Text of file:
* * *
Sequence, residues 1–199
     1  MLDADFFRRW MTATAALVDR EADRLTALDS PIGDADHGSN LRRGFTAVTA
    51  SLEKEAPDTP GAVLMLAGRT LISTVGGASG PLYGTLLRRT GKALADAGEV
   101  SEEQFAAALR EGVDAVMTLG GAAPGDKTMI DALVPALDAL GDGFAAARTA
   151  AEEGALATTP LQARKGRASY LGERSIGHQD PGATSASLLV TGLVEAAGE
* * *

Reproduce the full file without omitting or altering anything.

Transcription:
Sequence, residues 1–199
     1  MLDADFFRRW MTATAALVDR EADRLTALDS PIGDADHGSN LRRGFTAVTA
    51  SLEKEAPDTP GAVLMLAGRT LISTVGGASG PLYGTLLRRT GKALADAGEV
   101  SEEQFAAALR EGVDAVMTLG GAAPGDKTMI DALVPALDAL GDGFAAARTA
   151  AEEGALATTP LQARKGRASY LGERSIGHQD PGATSASLLV TGLVEAAGE